SAP is to acquire Concur Technologies, the provider of SaaS-based travel and expense management software, in an eye watering $8.3bn deal. At $129/share it represents a 20% premium on the pre-announcement closing price. Many of the numbers around the acquisition are big - from the customer numbers involved, to the transactions handled and this being the largest SaaS deal in the market to date. The impact on SAP could be big too, if it manages to convert the opportunity.
On one level this is a SaaS volume purchase, with SAP gaining 25m users, in 23,000 companies, across 150 countries. Although Concur is tiny compared to SAP (see here) it will bring more SaaS revenue to SAP. Concur delivered $546m revenue in the year to September 2013 - but with a loss of $24m. In its last quarter it saw a 29% revenue increase to $178m. However, as with all SaaS providers, Concur has trailing revenues – some $700m in this case.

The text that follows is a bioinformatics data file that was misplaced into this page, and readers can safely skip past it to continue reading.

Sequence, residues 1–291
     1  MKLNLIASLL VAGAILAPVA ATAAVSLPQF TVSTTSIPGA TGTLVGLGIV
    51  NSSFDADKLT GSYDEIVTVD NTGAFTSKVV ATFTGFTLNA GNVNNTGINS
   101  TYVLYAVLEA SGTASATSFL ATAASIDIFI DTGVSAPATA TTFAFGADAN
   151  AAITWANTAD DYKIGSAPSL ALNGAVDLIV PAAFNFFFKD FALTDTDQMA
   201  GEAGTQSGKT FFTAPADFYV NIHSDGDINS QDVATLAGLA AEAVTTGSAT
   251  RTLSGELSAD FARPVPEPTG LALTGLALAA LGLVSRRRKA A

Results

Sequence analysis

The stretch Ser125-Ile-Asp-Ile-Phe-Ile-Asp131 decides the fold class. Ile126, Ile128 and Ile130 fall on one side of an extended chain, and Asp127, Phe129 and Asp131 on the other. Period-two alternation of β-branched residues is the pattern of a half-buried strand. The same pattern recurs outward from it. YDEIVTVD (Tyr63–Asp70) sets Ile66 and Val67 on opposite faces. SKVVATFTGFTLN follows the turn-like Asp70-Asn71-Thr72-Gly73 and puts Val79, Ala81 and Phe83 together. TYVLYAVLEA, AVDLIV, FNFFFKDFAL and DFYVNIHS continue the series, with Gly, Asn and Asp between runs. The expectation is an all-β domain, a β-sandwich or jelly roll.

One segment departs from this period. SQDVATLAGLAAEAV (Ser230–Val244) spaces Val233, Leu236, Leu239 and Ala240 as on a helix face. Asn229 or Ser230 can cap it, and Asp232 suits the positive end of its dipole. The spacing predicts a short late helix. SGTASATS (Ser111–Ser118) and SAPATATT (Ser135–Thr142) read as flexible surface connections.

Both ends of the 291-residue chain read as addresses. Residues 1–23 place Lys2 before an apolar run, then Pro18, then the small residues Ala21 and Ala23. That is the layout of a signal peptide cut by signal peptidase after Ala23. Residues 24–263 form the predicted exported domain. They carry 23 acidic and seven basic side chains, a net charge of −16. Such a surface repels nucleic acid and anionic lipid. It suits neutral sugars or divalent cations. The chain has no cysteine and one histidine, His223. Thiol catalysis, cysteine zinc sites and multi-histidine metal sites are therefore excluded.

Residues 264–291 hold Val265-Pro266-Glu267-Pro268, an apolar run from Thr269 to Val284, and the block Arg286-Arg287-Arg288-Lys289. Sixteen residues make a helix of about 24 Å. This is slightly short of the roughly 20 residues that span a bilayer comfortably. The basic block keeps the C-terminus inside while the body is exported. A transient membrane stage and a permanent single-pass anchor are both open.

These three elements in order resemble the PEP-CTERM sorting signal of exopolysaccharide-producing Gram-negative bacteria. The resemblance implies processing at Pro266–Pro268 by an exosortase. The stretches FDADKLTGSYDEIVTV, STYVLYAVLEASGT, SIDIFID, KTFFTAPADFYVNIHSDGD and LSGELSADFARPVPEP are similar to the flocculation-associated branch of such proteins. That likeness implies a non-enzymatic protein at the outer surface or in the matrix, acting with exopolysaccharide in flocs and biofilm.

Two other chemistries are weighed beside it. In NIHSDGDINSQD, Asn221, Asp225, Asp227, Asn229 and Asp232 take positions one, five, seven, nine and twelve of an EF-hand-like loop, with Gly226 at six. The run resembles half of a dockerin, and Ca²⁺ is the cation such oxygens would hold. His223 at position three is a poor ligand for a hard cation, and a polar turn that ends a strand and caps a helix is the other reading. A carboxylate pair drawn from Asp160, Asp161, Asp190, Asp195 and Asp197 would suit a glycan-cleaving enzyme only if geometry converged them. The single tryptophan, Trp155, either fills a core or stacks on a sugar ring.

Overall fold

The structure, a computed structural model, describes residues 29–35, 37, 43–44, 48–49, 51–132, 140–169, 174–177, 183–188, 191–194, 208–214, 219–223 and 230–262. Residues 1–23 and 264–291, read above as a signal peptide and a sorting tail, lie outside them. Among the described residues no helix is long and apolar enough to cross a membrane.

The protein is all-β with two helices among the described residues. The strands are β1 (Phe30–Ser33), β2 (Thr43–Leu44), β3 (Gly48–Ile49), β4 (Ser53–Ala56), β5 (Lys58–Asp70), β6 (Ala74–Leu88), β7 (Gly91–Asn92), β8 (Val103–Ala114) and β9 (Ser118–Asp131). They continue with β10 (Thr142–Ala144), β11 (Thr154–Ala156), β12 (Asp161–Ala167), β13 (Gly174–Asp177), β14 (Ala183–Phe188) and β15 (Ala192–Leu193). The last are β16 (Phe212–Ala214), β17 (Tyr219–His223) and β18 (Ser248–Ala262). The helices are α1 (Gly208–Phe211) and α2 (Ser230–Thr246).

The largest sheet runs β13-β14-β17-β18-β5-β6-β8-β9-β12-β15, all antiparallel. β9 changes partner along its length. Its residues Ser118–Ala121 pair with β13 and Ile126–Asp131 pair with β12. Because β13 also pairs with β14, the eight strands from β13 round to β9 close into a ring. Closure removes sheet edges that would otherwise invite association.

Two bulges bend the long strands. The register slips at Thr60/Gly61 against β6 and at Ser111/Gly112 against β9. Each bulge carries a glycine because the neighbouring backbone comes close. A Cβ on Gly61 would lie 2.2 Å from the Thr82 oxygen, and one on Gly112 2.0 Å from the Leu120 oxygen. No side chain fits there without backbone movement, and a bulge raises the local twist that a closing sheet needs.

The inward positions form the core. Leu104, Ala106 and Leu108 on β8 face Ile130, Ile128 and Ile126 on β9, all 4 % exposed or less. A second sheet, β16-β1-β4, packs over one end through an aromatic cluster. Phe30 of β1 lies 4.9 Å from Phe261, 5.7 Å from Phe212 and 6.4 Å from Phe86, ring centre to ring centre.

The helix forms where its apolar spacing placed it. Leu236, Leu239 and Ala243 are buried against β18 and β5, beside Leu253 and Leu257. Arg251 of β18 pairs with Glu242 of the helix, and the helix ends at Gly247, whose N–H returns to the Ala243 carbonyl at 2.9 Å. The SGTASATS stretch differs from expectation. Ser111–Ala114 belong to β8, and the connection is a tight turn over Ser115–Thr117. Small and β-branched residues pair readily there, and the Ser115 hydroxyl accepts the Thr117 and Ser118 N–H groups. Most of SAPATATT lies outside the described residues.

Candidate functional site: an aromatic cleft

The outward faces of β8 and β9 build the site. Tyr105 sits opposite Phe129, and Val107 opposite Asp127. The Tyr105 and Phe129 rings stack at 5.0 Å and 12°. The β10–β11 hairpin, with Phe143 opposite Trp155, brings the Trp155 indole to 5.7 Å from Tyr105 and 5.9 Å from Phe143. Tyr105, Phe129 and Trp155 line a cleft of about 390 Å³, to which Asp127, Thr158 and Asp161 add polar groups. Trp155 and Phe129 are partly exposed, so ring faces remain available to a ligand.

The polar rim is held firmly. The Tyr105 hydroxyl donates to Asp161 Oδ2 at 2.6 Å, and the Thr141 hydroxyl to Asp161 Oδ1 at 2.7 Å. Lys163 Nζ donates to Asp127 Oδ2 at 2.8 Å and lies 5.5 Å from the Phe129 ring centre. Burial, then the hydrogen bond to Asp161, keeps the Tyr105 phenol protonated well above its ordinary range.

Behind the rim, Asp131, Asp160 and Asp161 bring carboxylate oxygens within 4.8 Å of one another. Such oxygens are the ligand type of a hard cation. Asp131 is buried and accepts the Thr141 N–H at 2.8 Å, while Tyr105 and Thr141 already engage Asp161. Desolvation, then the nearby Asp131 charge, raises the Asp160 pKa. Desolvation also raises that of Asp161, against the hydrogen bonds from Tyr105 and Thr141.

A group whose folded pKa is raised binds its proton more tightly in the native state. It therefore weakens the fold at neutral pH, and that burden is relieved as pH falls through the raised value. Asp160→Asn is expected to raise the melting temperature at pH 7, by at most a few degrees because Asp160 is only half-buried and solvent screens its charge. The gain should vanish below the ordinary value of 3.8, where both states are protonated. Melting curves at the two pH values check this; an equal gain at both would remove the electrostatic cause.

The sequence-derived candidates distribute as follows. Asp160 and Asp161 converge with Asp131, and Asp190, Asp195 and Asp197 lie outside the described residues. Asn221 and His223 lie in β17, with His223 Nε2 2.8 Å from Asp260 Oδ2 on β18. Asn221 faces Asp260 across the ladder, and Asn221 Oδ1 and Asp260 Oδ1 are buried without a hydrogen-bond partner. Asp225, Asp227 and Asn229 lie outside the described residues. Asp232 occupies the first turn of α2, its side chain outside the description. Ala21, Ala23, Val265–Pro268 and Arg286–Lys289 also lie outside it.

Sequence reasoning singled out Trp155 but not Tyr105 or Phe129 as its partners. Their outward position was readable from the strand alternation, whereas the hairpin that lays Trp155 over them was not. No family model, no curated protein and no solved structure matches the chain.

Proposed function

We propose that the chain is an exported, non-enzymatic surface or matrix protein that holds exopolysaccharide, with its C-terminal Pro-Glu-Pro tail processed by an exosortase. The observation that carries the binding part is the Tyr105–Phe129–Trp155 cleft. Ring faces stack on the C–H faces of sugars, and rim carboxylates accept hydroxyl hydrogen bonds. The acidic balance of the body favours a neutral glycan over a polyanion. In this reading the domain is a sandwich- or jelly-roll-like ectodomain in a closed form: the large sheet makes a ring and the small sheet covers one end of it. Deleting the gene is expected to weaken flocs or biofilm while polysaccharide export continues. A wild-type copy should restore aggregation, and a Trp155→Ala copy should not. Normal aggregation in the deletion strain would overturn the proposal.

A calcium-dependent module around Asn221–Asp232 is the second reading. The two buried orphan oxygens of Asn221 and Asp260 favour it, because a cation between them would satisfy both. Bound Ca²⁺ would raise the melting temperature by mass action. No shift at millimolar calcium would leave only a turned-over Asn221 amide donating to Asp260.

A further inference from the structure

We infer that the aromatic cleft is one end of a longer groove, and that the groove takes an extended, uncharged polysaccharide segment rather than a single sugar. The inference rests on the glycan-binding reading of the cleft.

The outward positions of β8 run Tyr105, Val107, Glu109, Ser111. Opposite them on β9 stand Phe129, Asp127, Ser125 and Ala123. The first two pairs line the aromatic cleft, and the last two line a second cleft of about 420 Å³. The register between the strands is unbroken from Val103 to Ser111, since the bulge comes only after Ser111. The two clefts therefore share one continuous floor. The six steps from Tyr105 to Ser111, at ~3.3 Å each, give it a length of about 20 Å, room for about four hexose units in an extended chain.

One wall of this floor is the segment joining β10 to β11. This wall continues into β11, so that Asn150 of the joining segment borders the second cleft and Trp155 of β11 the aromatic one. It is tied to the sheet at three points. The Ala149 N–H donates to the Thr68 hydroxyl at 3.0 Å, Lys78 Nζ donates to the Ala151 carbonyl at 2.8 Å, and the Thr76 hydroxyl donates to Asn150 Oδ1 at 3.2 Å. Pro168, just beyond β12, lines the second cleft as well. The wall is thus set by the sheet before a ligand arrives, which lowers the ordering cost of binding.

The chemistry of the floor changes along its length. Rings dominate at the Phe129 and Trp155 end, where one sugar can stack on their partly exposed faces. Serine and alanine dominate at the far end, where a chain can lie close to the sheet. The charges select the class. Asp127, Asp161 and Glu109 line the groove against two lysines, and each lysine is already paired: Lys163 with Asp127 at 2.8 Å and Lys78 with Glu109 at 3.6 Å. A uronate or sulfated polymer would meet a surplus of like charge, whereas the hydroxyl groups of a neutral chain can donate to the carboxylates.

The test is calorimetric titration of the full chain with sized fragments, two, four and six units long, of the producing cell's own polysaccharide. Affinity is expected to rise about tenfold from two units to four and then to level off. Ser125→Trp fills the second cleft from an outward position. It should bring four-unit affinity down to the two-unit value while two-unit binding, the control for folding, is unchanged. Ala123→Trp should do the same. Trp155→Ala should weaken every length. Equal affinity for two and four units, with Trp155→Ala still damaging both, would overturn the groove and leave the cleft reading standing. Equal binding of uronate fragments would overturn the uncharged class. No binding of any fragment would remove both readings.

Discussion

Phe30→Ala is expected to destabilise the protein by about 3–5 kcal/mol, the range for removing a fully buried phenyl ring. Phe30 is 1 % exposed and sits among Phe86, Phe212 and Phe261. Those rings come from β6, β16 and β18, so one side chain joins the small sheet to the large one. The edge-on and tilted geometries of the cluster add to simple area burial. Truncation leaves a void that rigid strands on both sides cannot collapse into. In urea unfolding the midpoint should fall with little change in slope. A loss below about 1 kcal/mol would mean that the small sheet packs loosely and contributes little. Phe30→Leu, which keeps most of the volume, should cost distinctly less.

On another level is it about building the SAP business trading network. With the combination of Ariba, Fieldglass and now Concur (all acquired), SAP is anticipating annual transactions worth $600bn. If it handles things properly, that could add significantly to its cloud revenue, and be a key driver for its ambitious aim of tripling cloud revenue by 2017 (cloud revenue remains a smear compared to SAP’s overall revenue, see here). The acquisition (which is expected to close in Q4) demonstrates that SAP has a two track cloud strategy - SaaS/PaaS plus the transaction-based business network. That has the potential to open new opportunities and take SAP in a direction that will differentiate it from the other ‘legacy’ software providers looking for a position in the cloud environment.
Posted by Angela Eager at '10:13'
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In an unexpected move, Oracle founder and CEO Larry Ellison has stepped down from the leadership position - but he is not moving out. He will take the role of chairman and CTO so his influence will still be much in evidence. In a move that echo’s SAP at several points through its timeline, Oracle will run under co-CEOs Safra Catz and Mark Hurd, with Catz handling finance, legal and manufacturing operations, and Hurd responsible for sales, marketing and strategy.